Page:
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Boomkat Product Review:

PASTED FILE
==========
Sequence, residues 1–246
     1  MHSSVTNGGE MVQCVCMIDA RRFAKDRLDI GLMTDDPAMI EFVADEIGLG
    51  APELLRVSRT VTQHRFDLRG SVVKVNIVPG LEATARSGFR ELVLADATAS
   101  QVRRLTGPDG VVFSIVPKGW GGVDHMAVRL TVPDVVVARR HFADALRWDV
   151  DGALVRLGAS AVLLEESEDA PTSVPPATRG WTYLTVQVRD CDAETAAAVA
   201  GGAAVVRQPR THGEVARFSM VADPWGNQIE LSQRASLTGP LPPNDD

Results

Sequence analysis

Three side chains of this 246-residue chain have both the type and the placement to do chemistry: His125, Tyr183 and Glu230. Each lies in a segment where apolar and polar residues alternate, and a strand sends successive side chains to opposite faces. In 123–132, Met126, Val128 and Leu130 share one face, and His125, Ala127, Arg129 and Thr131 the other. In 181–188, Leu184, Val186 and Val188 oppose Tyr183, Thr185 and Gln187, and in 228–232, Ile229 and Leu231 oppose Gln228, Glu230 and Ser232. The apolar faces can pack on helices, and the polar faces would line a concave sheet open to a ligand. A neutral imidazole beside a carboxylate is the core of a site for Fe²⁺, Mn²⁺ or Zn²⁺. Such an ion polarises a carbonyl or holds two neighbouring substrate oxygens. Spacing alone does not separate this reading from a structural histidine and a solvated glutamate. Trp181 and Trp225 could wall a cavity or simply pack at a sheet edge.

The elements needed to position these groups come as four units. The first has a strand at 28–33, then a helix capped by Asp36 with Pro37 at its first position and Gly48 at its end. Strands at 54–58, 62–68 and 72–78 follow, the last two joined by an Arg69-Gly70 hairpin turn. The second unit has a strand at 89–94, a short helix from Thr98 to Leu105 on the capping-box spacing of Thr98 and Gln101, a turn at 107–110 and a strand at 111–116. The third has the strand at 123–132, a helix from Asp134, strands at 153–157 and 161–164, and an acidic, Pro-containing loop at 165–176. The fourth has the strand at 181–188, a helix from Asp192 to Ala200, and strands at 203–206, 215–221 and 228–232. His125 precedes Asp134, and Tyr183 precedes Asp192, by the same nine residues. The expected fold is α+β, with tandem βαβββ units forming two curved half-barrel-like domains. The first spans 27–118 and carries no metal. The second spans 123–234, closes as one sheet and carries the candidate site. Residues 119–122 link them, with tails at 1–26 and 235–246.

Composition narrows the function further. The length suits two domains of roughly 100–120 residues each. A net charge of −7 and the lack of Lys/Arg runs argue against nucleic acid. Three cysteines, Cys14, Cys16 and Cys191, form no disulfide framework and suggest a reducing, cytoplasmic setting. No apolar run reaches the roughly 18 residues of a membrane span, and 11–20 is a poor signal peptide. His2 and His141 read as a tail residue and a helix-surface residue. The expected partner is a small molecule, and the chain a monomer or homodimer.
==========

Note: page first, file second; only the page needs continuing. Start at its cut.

Do crappy jobs breed good art? I mean only too often we end up with books, films and music as a reaction to lifes mundane jobs, Bukowski made a career out of documenting his ailing life, Clerks made a genre out of it so there must be something in it. Even the NME have claimed (in reference the Arctic Monkeys I think) that they champion music for kids in dead end jobs in dead end towns. I remember having just that kind of job, the same ritual day in day out and going home in the evening was the only respite from 8 hours of quite mind numbing boredom. Stefan Neville’s ‘Do Not Destroy’ is based entirely around this ritual, and the album was compiled from daily recordings he made on his immediate return from a full time filing job. Taking the structures of pop folk, Neville deconstructs the tracks and everything is piped onto 2 track tape, giving the record a lo-fidelity warmth and honesty comparable to the early recordings of outsider-bluesman Jandek. Neville’s deep and distorted droning however might best be compared to early Earth if they had a heap of broken equipment to work with. An unashamedly odd album and another interesting step for the Last Visible Dog label.